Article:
I've been trying to understand the occurance in various scores of two instance of the same note with different durations, and I've tried looking up various things to see if I can find out what I am supposed to actually play. My working solution is to play the longest duration note, and ignore the other.
Today I found a score with some text that seemed to referred to them as "double stemmed" notes. Yeah! off to my ref books and the internet to look that up - but another dead end. I think it may have just been a coincidence in that piece.
Please can anyone tell me the name for this and possibly explain how the are meant to be interpreted and why?
Thanks so much.
So, to be clear, here are two versions of the first two bars of Heller's Etude in E minor Op.46 No 7. This is from a book of piano studies written for that instrument. The top version is the original version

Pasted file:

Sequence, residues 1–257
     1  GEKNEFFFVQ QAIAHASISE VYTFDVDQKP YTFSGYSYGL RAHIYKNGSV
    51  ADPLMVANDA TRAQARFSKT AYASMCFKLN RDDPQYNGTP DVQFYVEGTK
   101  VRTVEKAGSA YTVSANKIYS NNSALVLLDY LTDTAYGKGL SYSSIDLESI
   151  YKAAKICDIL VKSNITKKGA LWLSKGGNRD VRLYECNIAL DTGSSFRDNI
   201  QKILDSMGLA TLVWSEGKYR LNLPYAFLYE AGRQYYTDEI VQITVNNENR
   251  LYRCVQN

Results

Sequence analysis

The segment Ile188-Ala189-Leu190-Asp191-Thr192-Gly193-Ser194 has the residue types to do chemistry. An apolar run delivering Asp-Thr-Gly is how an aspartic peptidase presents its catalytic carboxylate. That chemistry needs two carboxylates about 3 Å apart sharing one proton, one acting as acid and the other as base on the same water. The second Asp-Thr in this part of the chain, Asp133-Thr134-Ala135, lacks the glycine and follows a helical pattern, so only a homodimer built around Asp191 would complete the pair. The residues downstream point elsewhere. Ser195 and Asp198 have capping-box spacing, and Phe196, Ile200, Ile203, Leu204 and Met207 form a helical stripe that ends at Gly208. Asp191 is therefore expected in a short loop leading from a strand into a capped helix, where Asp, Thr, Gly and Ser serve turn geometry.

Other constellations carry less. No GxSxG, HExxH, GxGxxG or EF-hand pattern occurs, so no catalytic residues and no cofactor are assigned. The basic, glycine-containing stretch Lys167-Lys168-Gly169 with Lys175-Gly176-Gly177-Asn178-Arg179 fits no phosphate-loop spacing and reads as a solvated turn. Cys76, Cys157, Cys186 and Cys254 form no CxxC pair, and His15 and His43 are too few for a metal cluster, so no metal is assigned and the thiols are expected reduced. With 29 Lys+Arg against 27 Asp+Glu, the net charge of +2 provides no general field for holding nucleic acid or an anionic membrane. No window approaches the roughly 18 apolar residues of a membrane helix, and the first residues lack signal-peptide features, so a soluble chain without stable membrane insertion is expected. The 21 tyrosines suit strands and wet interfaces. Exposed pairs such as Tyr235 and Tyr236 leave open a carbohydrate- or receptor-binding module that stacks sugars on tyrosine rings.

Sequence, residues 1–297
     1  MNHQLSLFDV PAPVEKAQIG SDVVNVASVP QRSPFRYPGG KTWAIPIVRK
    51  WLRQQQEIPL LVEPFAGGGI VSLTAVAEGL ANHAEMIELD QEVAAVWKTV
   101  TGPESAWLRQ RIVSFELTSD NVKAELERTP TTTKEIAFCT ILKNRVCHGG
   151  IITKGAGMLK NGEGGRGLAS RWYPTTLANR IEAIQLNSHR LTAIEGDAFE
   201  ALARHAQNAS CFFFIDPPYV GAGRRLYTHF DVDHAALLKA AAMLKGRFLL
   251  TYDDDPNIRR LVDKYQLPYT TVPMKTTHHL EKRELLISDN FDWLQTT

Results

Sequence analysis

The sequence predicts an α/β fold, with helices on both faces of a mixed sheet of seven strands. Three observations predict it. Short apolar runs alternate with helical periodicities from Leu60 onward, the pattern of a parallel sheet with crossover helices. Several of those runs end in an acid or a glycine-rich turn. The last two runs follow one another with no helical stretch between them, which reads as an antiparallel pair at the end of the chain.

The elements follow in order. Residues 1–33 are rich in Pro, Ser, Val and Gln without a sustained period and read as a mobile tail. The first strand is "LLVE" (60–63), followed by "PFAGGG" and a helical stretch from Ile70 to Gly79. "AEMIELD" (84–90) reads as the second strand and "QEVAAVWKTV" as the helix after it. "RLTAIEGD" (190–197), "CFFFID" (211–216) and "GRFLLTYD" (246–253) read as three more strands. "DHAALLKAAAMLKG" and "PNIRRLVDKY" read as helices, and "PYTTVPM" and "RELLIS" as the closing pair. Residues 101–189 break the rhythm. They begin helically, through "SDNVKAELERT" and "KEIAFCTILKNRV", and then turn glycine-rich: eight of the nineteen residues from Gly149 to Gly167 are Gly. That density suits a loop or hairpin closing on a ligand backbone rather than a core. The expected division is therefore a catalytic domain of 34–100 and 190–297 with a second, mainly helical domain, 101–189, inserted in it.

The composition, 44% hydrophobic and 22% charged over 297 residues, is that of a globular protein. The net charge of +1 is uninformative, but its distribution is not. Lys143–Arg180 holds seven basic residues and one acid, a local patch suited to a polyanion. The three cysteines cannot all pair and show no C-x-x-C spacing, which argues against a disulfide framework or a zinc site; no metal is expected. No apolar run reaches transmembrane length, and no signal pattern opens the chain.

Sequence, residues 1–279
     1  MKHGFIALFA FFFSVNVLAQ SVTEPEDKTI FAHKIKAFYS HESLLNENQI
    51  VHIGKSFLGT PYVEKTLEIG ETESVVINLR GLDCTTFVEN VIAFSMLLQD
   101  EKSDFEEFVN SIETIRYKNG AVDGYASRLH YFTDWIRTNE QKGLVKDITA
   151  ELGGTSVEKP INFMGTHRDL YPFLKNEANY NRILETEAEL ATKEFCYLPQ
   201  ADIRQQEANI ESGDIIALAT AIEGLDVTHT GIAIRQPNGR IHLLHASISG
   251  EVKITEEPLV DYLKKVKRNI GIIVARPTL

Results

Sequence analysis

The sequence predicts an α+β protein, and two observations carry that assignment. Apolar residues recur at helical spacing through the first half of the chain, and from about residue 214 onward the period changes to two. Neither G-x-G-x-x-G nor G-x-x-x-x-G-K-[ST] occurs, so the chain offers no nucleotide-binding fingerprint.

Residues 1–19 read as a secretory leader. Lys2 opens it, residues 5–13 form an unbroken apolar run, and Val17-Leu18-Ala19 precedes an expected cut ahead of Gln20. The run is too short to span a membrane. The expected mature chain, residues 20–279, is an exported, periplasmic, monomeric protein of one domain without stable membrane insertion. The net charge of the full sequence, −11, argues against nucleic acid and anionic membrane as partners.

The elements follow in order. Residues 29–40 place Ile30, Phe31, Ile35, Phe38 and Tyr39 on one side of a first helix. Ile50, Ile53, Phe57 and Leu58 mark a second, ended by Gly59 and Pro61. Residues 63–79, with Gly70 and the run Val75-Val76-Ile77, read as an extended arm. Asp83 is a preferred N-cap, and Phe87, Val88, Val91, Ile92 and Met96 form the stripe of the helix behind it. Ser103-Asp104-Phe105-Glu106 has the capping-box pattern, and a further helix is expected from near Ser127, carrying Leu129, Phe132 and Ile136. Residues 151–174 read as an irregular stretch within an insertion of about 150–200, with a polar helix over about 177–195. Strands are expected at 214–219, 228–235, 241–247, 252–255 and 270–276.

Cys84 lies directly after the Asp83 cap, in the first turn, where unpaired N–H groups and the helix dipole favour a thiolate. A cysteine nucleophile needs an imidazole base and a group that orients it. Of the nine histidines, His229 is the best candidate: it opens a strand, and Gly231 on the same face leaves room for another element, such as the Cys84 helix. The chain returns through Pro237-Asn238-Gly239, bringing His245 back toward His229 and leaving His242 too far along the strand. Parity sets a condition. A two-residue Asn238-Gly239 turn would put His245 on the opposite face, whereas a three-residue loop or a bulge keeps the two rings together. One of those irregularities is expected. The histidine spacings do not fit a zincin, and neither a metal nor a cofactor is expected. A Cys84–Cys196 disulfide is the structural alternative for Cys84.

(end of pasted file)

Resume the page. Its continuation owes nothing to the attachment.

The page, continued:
But there is a "dilemma" the pianist is asked to play the same note twice at the same time with different durations (First note second bar). Obviously that's impossible - sure I can play chords or multiple voices, but this feels like a musical nonsense phrase. The second version plays the same, as far as I am aware, but does not share this problem? Q: Why has Heller, who is undoubtedly doing the correct thing, taken this first (top) approach?
I also found pieces in which both the right hand and the left hand end on the same note; with it drawn on the LH and RH stave. So one hand presses the note, and the other hand presses the finger of the first hand.